Best of the Hotline: Inspections and Estimates of Repair

Best of the Hotline: Inspections and estimates of repair


Before listing their home for sale, the sellers were advised by their sales agent to obtain an inspection of that portion of the property’s exterior that is stucco. The agent felt that it would be better to have a highly competent stucco expert perform the inspection before the property went on the market. Sellers would then have the opportunity to address any conditions through repairs or adjustment of the sale price.

The inspection revealed problems and an estimate was provided by the stucco inspector. While the report suggested that the problems were minor and few, the estimate of repair was high.

Q. I think all will agree that the sellers must reveal the material defects discovered by the stucco inspection. Better yet, these sellers have agreed to provide the report (no one can question the veracity of the seller if the full report is furnished). Do the sellers also have to provide a copy of the estimate of repair to the buyer?

A. The Real Estate Seller Disclosure Law requires “any seller who intends to transfer any interest in real property [to] disclose to the buyer any material defects of the property known to the seller by completing all applicable items in a property disclosure statement.” The mandatory disclosure statement does ask about deterioration and other problems with walls and PAR’s seller disclosure statement asks questions about the condition of stucco and exterior, synthetic finishing systems. The questions do not, however, ask if any estimates were prepared and therefore it would seem that no estimates have to be provided under the Law.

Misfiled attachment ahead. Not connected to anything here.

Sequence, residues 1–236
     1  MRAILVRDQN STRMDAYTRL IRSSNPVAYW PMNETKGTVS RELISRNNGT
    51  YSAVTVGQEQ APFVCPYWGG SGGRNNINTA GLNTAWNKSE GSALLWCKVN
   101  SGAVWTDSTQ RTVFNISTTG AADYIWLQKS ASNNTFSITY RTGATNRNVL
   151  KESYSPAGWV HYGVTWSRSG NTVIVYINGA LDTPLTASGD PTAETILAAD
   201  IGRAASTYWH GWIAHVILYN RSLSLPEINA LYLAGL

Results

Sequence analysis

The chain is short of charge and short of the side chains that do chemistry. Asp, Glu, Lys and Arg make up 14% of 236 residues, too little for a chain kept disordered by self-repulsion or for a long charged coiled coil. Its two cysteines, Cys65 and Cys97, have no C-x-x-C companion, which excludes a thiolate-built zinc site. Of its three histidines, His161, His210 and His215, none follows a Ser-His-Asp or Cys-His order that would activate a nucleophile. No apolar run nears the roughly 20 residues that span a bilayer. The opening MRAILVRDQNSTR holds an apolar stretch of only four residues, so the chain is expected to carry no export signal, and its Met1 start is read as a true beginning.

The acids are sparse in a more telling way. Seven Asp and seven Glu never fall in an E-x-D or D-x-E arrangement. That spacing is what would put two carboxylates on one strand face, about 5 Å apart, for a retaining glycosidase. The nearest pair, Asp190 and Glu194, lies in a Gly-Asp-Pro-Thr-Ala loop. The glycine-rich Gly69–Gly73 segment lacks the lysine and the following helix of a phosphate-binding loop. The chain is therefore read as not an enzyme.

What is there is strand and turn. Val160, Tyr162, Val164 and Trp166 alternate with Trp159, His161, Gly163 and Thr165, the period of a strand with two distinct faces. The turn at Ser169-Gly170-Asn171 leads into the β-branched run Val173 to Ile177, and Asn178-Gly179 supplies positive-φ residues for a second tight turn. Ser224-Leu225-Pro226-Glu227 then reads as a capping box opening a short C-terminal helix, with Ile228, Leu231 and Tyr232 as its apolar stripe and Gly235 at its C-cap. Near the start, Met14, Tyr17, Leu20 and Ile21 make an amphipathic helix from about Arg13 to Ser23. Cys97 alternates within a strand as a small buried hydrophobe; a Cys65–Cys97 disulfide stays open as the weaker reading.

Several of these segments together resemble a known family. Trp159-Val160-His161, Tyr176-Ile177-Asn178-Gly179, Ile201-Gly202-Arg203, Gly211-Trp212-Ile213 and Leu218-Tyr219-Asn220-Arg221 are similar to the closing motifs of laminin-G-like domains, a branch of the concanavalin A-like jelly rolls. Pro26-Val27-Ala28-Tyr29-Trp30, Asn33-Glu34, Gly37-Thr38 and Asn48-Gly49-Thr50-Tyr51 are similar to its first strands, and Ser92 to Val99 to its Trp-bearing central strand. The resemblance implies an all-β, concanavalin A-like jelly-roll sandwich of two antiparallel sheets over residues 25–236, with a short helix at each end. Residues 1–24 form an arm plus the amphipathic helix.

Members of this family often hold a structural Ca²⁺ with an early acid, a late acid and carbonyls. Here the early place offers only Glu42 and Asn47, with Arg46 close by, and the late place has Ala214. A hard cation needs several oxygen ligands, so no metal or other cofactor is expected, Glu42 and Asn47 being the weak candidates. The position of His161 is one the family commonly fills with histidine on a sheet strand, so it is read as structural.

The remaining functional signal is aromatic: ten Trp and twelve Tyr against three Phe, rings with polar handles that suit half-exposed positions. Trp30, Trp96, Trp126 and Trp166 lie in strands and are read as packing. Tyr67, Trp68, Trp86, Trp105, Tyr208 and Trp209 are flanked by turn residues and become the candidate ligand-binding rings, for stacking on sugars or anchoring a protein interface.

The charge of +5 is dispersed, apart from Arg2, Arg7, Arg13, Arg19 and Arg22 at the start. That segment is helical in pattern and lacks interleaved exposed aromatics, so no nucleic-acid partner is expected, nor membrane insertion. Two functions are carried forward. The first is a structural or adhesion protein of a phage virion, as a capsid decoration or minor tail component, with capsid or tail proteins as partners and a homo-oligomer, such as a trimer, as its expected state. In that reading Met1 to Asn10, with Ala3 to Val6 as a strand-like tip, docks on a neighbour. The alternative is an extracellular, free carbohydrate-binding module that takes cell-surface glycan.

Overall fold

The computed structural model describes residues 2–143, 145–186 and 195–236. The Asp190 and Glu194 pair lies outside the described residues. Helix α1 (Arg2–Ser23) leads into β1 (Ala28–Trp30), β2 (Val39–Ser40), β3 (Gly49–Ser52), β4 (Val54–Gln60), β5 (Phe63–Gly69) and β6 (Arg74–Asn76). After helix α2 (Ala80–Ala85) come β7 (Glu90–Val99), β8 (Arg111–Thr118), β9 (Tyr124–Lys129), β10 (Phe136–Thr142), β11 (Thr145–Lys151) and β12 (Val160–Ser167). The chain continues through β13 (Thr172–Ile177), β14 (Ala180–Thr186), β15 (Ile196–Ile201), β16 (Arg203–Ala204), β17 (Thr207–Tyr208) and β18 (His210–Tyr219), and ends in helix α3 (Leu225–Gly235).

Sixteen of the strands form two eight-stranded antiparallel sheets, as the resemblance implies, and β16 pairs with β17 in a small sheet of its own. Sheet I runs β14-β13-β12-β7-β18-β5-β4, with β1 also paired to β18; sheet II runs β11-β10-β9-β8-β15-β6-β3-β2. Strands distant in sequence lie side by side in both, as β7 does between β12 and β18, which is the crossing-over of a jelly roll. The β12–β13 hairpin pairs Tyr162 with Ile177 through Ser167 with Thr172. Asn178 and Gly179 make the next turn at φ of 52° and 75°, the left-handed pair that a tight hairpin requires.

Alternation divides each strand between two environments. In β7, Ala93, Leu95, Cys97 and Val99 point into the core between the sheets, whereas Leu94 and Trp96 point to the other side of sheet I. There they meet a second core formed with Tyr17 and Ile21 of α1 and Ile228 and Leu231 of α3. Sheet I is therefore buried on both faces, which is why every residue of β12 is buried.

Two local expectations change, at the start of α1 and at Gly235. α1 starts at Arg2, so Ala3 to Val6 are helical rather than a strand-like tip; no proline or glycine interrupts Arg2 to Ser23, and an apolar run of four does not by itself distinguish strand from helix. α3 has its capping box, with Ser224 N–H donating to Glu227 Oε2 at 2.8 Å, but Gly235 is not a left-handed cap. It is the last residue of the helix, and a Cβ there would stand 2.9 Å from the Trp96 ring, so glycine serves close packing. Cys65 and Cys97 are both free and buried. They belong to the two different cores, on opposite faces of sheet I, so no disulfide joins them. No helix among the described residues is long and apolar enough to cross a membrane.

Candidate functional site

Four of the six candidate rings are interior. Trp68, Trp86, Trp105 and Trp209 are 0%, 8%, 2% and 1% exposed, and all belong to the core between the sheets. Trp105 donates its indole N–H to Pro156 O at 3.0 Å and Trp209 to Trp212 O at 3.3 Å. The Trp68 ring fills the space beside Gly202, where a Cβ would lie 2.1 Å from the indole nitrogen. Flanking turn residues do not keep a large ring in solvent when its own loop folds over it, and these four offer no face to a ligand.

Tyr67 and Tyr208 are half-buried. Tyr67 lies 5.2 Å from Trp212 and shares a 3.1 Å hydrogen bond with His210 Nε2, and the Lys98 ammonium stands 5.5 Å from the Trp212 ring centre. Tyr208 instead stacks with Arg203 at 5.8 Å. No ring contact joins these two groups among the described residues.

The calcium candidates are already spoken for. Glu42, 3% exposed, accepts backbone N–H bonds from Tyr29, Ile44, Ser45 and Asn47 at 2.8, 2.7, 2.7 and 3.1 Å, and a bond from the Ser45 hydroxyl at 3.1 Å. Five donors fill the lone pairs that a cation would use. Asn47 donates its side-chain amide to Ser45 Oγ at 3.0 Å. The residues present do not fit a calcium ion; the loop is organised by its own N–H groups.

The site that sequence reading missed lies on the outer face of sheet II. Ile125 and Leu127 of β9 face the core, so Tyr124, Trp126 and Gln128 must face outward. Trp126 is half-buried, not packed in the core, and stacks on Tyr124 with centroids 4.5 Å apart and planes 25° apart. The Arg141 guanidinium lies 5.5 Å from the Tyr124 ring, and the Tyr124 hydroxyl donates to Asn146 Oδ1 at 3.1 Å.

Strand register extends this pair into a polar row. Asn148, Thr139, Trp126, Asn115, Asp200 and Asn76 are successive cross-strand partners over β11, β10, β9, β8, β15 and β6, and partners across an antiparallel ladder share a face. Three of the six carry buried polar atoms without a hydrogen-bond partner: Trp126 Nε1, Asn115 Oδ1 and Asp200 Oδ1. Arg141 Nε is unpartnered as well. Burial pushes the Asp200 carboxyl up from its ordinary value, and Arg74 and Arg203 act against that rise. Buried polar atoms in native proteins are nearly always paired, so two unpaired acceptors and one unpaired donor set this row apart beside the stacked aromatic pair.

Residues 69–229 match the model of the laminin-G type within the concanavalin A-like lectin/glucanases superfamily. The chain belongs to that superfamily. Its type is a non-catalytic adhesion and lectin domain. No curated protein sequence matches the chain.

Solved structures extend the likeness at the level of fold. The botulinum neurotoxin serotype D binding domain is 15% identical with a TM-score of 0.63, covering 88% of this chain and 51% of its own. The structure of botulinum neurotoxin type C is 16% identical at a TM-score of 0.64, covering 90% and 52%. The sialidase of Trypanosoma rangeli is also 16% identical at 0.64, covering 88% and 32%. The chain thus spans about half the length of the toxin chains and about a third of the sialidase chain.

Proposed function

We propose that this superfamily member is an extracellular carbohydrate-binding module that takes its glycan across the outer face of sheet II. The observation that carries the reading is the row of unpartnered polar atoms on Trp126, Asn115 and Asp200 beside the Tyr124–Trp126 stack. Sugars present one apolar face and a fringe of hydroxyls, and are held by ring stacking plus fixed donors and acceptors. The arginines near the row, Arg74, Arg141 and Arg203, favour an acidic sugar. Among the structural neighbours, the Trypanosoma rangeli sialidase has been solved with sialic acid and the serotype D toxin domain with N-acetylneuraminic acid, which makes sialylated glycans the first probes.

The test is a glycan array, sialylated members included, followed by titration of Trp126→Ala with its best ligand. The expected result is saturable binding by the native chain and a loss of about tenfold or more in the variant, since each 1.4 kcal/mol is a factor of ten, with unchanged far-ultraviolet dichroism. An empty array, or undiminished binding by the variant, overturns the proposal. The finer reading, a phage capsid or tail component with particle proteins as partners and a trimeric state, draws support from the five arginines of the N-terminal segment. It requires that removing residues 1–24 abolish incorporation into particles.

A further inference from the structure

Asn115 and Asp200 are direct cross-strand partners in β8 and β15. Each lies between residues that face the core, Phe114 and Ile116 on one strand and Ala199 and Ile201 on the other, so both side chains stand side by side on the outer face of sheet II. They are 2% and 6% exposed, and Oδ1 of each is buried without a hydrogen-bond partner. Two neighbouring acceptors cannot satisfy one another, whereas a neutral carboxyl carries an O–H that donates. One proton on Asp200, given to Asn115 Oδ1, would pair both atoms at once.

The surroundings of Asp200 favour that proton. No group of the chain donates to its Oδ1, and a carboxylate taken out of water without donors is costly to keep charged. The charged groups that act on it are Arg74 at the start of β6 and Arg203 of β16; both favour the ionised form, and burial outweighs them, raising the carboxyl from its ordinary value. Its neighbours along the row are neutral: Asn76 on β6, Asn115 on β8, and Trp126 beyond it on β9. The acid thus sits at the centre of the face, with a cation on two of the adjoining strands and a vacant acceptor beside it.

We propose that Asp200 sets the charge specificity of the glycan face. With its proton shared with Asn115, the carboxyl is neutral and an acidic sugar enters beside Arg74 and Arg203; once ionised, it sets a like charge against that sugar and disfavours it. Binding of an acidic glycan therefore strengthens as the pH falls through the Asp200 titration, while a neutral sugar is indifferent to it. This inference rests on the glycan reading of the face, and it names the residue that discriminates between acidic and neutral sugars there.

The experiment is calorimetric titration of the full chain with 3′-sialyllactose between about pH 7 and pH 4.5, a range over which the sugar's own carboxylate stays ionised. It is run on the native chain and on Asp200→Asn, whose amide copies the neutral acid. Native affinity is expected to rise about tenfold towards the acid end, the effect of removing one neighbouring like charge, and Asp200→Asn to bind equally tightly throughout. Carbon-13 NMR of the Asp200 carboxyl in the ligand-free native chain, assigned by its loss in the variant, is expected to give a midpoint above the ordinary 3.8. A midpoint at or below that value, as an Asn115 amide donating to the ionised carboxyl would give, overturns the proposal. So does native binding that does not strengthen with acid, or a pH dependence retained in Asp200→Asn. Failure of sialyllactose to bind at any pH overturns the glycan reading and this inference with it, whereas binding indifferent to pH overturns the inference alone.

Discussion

It is illegal in Pennsylvania, under our common law, to engage in a material misrepresentation for the purpose of deceiving. To give one a stucco inspection report that might be hard to interpret, then to add the label that the problems are “benign” or that it reveals only “minor problems” would be disingenuous in light of a very heavy repair bill. Under those circumstances, a seller might be gambling by not revealing the extent of the inspector’s estimate of repair. On the other hand, if the sellers provide the report without characterization and without the separately stated estimate of repairs, they would be in compliance with the requirements of the law. If asked if they had received an estimate of repair, the sellers would have to answer truthfully, regardless of whether they provided that estimate.

The good news is that you, as a listing agent, have a say in what the seller reports. If you and the seller cannot come to an agreement on whether an estimate of repair is to be divulged, consider terminating your listing agreement and giving the seller a chance to work with someone more inclined to adopt his method.

This should serve as a caution to buyer agents. When you receive an inspection report prepared for someone other than your buyer client, you should not rely on that report because your buyers did not contract with the inspector and they likely have no recourse if the report is flawed and erroneous. Further, while a report may seem relatively benign (few and seemingly superficial defects), the cost of repairs can be great. Buyers should hire their own inspectors and get as much detail as is possible, including details about repairs.


Copyright © James L. Goldsmith, Esquire, CALDWELL & KEARNS, P.C., 2015

All Rights Reserved

Jim Goldsmith is an attorney with Caldwell & Kearns and serves as general counsel to PAR. A substantial portion of his practice is dedicated to providing advice and counsel to real estate licensees. He and his firm represent and defend real estate salespersons and brokers in civil lawsuits and licensing claims across the Commonwealth. Jim also defends REALTORS® in disciplinary hearings conducted by the Real Estate Commission. He routinely counsels employers on employee relations issues